I spent this summer taking two courses and working at my graduate assistant position. Due to the nature of summer classes, I had homework almost every night, and I spent several days at work out in the 100-degree Louisiana heat talking to incoming freshmen. Needless to say, by the end of July, I was ready for my much-needed three-week semester break. I had big plans to travel to North Carolina to serve as godmother at my niece’s baptism and spend some quality time with family. Although I did get to do so, my semester break turned out much more differently than I could have imagined.
It all started the first Sunday of my break. I had just finished my online final and I was done with summer classes! I considered eating out to celebrate, but instead decided to stay in and eat eggs for dinner. The eggs in my fridge may or may not have been expired…I didn’t check the date. But I was convinced they were when I woke up the next morning with nausea, headache, vomiting, etc.. Thankfully this all passed after a few hours and I went about my day as usual.
The next day my only plans were to laze around my house–and it’s a good thing, because midday I started running fever. I spent the whole day in bed. The same thing happened the next day: I developed a fever and headache as the day went on, and I also had a weak appetite. Convinced I had salmonella poisoning, I made an appointment with the school nurse the next morning.
I was hoping the nurse practitioner would prescribe me an antibiotic to clear this up before I left for North Carolina. Instead, she checked my vitals and told me there was nothing she could do. She proceeded to advise me to not take anything for the fever unless it was over 105. At that point I just stopped listening.
I left school and headed to meet my parents. We spent a couple of days in Baton Rouge with family, and then a few days at the homestead in Alexandria. We then made the 3-day drive to my brother’s house in North Carolina. My aunt and grandpa flew in to meet us, and we all witnessed little Sophie get baptized. Unfortunately, the whole time I had been running fever on-and-off, and experiencing headaches, no appetite, and no energy. Even taking short walks drained me to the point where I had to take a nap. This had been going on for two weeks when my sister-in-law, Dr. Wendy, finally did a checkup on me. She saw an infection in my throat and started me on an antibiotic.
The next day I woke up throwing up, so my mom took me to an urgent care clinic. Still convinced this all started from food poisoning, I described the situation to the physician assistant. She prescribed me two heavy-duty antibiotics: one for salmonella, one for the throat infection. Unfortunately, these made me even more nauseous; I woke up the next morning throwing up bile (I had eaten so little over the last few days, my stomach was completely empty). I couldn’t eat or drink anything, my stomach hurt, and I was extremely dehydrated. I was also upset at the situation and scared, not knowing what was wrong with me.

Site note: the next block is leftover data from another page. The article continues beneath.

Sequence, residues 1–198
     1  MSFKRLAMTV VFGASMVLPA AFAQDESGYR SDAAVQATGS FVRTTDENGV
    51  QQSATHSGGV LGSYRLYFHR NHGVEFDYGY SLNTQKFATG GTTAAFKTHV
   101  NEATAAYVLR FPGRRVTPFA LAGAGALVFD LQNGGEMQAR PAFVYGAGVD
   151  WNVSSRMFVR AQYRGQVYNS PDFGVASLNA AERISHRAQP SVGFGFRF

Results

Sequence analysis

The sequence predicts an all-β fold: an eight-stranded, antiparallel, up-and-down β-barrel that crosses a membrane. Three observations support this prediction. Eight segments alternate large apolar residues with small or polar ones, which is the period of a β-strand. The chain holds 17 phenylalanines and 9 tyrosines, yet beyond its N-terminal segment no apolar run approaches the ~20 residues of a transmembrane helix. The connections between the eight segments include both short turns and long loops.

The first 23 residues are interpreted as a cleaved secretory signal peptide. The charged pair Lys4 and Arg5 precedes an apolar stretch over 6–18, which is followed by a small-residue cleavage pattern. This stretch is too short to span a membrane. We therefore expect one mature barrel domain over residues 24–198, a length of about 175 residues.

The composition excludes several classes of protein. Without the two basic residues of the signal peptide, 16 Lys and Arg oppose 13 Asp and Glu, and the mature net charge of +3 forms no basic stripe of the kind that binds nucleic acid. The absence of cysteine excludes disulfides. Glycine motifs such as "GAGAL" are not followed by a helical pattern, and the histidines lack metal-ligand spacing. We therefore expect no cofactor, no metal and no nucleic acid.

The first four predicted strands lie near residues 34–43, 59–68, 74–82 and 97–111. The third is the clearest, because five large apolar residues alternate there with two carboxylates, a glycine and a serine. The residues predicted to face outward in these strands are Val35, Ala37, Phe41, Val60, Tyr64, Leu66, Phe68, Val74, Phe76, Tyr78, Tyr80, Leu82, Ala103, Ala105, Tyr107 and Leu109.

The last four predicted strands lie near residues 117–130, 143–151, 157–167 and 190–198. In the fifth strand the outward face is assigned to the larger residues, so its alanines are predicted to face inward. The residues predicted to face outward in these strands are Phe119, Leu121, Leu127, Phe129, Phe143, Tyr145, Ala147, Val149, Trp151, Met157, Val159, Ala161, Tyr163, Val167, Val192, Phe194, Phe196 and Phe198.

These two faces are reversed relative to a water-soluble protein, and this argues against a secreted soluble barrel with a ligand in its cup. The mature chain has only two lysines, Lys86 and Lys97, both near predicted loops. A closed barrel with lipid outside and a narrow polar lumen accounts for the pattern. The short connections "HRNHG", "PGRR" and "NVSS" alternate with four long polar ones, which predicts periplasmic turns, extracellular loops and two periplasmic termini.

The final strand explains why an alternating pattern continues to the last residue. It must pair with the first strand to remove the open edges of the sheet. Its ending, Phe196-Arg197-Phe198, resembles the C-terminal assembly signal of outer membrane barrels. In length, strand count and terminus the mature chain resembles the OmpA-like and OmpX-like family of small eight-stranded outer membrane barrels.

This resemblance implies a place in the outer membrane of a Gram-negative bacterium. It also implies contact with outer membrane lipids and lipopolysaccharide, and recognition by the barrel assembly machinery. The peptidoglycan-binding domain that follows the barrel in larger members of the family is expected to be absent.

My brother insisted we go to the emergency room at Duke Med to get tests done, and my mom could tell by looking at me that I needed help right away. So my mom and Dr. Wendy took me to the Duke Med ER. The wait time was only 15 minutes; I first had to explain my symptoms to two different nurses, two doctors, and a PA student. After all that talking and an initial checkup, they took about 5 vials of blood, a throat swab, and a urine sample. Then finally, just when I felt I was about to die, they hooked me up to an IV and treated me for dehydration and nausea (my nurse was very good, so I barely felt a thing!).
A long hour later, my IV ran dry–they had put a whole liter of fluid in me. I perked up a bit. We waited and waited and waited, and finally the doctor came in. He told us I tested positive for mono. My reaction was “Mono? As in mononucleosis?!” My mom, Dr. Wendy, and I were shocked and relieved.
The good news is that my mystery illness wasn’t due to cancer, peritonitis, or some other serious condition. The bad news is that there’s no cure for mono, so I have to wait this thing out. Also, because mono affects the liver and the spleen, I have to take it easy for several months while my body sheds the virus. That means no 5Ks, no triathlons, no lifting heavy objects, and no standing on my feet a lot. In fact, for the rest of this year, I will have to entertain myself with a lot of video games, movies, art, and music.
I’m not upset about it though. If there’s one thing I realized from being sick for 3 weeks straight, it’s that any day you spend in good health is a good day. One of the most miserable feelings is having your family around you, laughing and enjoying good food, and not being able to join in because the mere thought of eating is repulsive, and laughing takes too much energy. I’m only upset that I didn’t get to enjoy my semester break. I made memories though!